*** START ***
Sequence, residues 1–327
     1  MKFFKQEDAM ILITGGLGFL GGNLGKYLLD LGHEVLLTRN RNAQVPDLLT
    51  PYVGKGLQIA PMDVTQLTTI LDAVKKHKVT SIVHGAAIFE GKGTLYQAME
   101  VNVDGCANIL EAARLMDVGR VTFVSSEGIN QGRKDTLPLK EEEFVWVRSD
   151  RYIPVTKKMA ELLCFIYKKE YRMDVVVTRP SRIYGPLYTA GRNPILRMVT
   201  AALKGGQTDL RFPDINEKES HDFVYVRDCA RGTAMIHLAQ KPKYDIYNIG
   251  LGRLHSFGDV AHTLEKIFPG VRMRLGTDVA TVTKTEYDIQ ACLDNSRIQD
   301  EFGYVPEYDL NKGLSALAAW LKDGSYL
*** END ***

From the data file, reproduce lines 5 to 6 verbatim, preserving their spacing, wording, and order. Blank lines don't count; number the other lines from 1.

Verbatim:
   151  RYIPVTKKMA ELLCFIYKKE YRMDVVVTRP SRIYGPLYTA GRNPILRMVT
   201  AALKGGQTDL RFPDINEKES HDFVYVRDCA RGTAMIHLAQ KPKYDIYNIG